Are penalties for white-collar crime in Germany too lenient?
The example of the USA – and, incidentally, also the Ecclestone case – show what could be done to provide the state with additional revenue through fines for economic crime. Domestically, too, one could – as is customary in the USA – set up competition among investigators – at the federal, state, BaFin, stock exchange supervisory authorities, public prosecutors depending on the seat and branch, cartel office, etc. – could be set up. If you release the hunt and the loot is worth it, you will find enough hunters. There should be no shortage of reasons.
Ex-bank manager Birkenfeld is alleged to have helped “blow up a $20 billion tax evasion scheme,” to have been partly responsible for a $780 million fine on a major Swiss bank, and ultimately to have received a $104 million reward.
If such penalties usually go to the US today, they do us no good domestically. Through manager liability insurance and recourse to business managers at the expense of their pensions and private assets or D&O insurance, companies would be even more capable of paying higher fines without their existence being threatened. Following the example of the USA and as with Ecclestone, the penalties could be negotiated, but only in the sense that a penalty payment is given to the company which it can voluntarily agree to in order to avoid further criminal proceedings and disadvantages, whereby it must be clear that anything else is hardly an option.
“What – antidote to Caesar?”
As for business leaders who think they have their house so in order that they would have prevented such proceedings, the answer would be what Galigula said when it was reported to him that someone was taking antidotes for fear of being poisoned: “What – antidotes against Caesar?”
It must be clear to every senior manager or business leader that he is being deceived in his own company and can never have everything under control, although he should. It would therefore make sense to set up an information service within the company, through special investigators on secret assignment, placed in certain places as employees of those they are to investigate, including further secret investigators to investigate them. Anything official won’t really work. In the end, government investigators will find enough to bring expensive cases.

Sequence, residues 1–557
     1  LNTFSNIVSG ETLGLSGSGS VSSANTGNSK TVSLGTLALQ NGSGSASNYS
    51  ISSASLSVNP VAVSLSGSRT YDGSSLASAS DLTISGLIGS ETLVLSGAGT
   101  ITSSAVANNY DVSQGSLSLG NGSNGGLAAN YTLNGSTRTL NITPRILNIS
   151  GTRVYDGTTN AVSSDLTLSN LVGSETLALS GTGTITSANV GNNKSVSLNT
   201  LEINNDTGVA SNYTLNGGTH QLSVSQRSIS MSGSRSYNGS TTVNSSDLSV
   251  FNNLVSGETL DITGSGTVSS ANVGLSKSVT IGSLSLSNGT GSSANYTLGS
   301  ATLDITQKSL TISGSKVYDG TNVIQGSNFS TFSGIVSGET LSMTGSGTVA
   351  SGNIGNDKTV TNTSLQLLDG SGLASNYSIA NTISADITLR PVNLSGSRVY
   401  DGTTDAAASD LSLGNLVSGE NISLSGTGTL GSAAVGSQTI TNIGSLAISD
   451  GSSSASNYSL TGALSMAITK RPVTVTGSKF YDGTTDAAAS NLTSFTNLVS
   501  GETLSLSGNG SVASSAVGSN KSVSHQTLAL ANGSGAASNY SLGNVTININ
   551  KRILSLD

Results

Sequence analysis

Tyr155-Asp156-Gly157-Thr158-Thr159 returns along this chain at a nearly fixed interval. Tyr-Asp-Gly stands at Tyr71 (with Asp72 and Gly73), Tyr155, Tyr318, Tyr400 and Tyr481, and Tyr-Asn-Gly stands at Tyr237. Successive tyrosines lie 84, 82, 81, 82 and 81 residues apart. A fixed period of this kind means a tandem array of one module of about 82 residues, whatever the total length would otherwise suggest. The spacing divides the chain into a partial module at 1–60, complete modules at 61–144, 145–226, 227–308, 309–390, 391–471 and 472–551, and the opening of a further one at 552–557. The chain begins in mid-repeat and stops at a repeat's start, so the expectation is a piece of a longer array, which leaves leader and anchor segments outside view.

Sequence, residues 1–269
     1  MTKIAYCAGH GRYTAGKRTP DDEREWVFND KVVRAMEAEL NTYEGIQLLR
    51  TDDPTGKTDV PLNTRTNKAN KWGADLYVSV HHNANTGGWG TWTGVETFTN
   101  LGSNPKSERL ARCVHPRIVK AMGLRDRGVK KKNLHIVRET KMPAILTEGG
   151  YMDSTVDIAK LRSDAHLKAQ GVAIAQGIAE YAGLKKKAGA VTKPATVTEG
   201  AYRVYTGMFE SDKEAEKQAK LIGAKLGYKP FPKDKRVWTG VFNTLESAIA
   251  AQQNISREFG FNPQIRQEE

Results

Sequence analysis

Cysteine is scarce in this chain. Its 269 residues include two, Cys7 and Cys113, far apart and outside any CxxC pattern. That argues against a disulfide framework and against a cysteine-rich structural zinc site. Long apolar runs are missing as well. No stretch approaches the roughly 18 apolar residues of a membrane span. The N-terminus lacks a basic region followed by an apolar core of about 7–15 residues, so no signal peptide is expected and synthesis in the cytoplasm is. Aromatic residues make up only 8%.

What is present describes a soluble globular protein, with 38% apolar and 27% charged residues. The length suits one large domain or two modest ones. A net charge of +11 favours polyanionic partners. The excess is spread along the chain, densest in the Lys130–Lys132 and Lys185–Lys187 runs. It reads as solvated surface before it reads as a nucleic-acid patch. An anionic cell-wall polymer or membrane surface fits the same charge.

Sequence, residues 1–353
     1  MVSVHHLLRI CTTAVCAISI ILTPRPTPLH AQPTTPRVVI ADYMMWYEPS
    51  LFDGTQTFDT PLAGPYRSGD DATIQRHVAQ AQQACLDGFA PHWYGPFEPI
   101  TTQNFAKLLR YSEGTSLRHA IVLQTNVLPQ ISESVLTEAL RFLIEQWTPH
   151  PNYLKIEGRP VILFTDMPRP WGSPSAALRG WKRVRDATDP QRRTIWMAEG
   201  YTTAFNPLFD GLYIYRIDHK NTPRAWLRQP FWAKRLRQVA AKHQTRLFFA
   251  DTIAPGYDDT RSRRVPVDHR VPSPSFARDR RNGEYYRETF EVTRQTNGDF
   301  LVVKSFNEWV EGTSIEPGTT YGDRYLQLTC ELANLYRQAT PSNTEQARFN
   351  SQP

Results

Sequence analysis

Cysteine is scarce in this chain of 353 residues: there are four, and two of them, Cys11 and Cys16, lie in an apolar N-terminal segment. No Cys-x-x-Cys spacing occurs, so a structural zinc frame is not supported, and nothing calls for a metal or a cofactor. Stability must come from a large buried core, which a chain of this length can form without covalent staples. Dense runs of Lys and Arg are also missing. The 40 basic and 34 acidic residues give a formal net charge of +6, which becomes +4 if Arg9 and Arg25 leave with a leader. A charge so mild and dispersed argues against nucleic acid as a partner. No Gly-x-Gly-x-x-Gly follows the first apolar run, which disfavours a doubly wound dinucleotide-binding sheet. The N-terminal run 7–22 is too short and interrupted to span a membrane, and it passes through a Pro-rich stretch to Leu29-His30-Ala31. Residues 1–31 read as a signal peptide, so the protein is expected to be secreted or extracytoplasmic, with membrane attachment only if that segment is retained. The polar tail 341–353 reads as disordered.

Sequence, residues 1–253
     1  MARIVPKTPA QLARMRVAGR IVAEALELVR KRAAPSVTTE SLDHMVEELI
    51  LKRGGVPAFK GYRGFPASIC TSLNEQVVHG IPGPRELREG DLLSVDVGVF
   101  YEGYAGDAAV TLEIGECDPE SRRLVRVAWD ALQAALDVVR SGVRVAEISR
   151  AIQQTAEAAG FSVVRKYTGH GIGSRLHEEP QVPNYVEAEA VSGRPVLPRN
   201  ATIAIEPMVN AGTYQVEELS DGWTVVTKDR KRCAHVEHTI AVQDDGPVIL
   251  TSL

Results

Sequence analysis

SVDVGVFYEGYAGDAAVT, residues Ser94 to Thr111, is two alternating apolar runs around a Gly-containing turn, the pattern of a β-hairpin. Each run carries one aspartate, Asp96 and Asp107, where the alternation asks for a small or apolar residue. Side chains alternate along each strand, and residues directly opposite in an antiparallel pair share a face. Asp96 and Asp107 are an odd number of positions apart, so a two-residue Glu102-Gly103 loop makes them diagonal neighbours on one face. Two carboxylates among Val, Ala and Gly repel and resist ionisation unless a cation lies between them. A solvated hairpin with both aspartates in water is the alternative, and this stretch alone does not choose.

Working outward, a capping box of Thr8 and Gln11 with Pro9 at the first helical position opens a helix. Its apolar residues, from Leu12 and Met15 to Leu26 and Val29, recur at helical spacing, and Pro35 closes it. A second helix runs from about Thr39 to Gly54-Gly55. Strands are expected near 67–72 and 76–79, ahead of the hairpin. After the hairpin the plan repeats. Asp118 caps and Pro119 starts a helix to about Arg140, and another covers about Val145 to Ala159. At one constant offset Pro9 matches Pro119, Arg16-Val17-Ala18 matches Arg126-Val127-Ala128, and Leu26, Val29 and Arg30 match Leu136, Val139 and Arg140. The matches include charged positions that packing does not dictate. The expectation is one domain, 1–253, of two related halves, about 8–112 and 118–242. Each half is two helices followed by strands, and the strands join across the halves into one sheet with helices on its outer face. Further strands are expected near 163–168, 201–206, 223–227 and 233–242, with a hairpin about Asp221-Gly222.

Compliance system ineffective costs Manger 15 million euros in damages
The Regional Court of Munich I sentenced the ex-manager of a DAX-listed company to pay damages in the amount of €15 million for failing to establish an effective “compliance system” in a judgment dated December 10, 2013 (Case No. 5 HK O 1387/10). So-called “slush funds” for bribe payments could have been prevented, as well as the subsequent corruption. The ruling, however, does not address in a single word the fact that the corporation may have gained an economic advantage from the corruption – but the manager’s liability insurance company is unlikely to overlook this point to reduce its indemnity, and set off the corruption benefits against the damages, along the lines of “crime pays.”
An incentive for corruption and cartel violations is economically the prospect that only a part will be discovered and only a fraction of the corporate profit will be skimmed off by fines in particular. If a manager is later taken to court for the fines to be paid by the company, he could try to counter that the company still obtained considerably higher benefits from the criminal conduct.
Of course, many executive insurances provide for further possibilities to refuse compensation or indemnification, such as the allegation of a knowing or intentional breach of duty, as well as, for example, a criminal conviction for intent.